Monday, March 10, 2008

Done On Time

Well, I've spent the last couple of weeks reading and stitching on my Easter exchange item. The exchange item, a mini-pillow ornament is done and will be in the mail tomorrow, a couple of days ahead of the deadline. Now that's a bit of an improvement. As you can see by the pictures though, I'm going to have to do some work on my indoor photography skills. Somehow I've managed to make the blue fabric look white on the finished pillow. The picture of the front and back of the stitching is a scan and that shows the colours of the fabric as they really are. I just hope the receiver of my effort likes it.

Have done a fair bit of reading as well. It's been wet and windy here for almost the entire time between my blogs, which is ideal reading weather. Mind you, I'm not complaining when I see what the centre of Canada and the east coast are having to deal with. A bad rain and wind storm is a piece of cake compared to snow and wind. After all, what's the downside of a good book, curling up under an afghan and a cat at your feet? The books have all been mystery short stories and have carried me through 16th century Scotland, Victorian London and 20th century North America and Europe.

And of course, poetry. Found a couple of A.E. Housman poems that stuck with me.

On Wenlock Edge

On Wenlock Edge the wood's in trouble;
His forest fleece the Wrekin heaves;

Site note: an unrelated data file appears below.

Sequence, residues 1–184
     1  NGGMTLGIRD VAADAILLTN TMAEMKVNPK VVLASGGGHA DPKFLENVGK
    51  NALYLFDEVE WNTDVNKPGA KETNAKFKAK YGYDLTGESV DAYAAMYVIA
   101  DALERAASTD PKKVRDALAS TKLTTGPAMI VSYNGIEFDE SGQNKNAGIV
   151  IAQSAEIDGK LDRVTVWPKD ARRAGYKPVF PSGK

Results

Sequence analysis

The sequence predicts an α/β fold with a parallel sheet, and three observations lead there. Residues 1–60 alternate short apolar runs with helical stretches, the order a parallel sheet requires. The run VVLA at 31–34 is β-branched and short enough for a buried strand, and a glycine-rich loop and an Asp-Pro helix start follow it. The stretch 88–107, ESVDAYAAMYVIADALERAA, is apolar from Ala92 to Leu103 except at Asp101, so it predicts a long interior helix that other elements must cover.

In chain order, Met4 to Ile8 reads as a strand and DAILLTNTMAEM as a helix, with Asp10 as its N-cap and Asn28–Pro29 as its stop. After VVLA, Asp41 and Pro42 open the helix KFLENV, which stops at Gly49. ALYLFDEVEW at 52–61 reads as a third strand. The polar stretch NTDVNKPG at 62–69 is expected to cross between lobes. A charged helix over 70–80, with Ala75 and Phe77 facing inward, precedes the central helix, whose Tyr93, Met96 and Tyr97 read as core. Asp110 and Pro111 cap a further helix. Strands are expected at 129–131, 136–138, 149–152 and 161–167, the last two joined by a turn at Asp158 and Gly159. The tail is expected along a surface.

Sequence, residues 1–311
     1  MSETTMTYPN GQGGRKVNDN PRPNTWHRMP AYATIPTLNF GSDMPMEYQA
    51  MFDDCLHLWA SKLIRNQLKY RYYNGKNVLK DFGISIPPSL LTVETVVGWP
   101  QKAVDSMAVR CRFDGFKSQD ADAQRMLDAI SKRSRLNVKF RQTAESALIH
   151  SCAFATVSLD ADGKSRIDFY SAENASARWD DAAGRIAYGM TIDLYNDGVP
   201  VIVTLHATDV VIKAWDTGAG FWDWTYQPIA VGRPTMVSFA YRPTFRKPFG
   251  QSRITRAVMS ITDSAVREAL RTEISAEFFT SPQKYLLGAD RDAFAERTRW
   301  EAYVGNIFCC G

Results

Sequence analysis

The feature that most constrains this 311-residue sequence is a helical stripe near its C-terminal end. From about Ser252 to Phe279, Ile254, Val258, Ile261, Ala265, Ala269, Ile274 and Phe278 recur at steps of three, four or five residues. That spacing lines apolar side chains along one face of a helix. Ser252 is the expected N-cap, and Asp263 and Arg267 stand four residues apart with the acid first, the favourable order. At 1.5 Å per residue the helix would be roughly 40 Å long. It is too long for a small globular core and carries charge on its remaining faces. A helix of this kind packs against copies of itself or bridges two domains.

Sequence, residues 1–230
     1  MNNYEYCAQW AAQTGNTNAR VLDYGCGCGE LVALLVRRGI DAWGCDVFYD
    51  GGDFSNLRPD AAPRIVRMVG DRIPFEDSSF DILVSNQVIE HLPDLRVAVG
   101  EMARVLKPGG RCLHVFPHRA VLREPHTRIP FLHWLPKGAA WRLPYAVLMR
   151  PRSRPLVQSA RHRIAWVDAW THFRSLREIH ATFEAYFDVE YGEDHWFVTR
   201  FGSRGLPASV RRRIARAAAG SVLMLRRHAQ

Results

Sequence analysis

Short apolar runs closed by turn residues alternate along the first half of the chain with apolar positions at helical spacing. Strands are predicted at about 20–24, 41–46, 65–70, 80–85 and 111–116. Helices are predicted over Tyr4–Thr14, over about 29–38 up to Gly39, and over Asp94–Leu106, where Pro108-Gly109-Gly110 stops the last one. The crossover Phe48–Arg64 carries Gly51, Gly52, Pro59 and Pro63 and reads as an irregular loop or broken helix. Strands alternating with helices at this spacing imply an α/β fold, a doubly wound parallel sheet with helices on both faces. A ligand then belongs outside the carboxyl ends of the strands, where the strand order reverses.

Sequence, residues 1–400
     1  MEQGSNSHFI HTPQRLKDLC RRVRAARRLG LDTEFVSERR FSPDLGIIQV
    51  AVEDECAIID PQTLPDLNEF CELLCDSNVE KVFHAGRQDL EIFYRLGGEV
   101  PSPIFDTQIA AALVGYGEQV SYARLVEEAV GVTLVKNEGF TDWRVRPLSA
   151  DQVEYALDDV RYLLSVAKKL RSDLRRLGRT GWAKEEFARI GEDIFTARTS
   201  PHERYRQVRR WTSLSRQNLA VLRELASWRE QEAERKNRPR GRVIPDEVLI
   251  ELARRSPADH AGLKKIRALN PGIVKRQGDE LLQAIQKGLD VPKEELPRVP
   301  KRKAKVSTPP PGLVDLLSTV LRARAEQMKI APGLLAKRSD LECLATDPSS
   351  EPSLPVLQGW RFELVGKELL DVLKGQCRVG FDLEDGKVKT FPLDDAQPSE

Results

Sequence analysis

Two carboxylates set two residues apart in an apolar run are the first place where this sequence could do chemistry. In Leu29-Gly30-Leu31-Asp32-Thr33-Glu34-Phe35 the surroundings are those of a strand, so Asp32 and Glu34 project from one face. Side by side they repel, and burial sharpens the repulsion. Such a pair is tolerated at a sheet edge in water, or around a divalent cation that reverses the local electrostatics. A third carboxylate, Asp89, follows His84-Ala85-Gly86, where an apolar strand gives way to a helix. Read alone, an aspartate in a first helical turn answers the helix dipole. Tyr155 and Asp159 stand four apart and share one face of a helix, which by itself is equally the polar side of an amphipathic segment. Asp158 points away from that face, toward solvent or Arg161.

The gale, it plies the saplings double,
And thick on Severn snow the leaves.

'Twould blow like this through holt and hanger
When Uricon the city stood:
'Tis the old wind in the old anger,
But then it threshed another wood.

Then, 'twas before my time, the Roman
At yonder heaving hill would stare:
The blood that warms an English yeoman,
The thoughts that hurt him, they were there.

There, like the wind through woods in riot,
Through him the gale of life blew high;
The tree of man was never quiet:
Then 'twas the Roman, now 'tis I.

The gale, it plies the saplings double,
It blows so hard, 'twill soon be gone:
To-day the Roman and his trouble
Are ashes under Uricon.

Into My Heart An Air That Kills

Into my heart an air that kills
From yon far country blows:
What are those blue remembered hills,
What spires, what farms are those?

That is the land of lost content,
I see it shining plain,
The happy highways where I went
And cannot come again.

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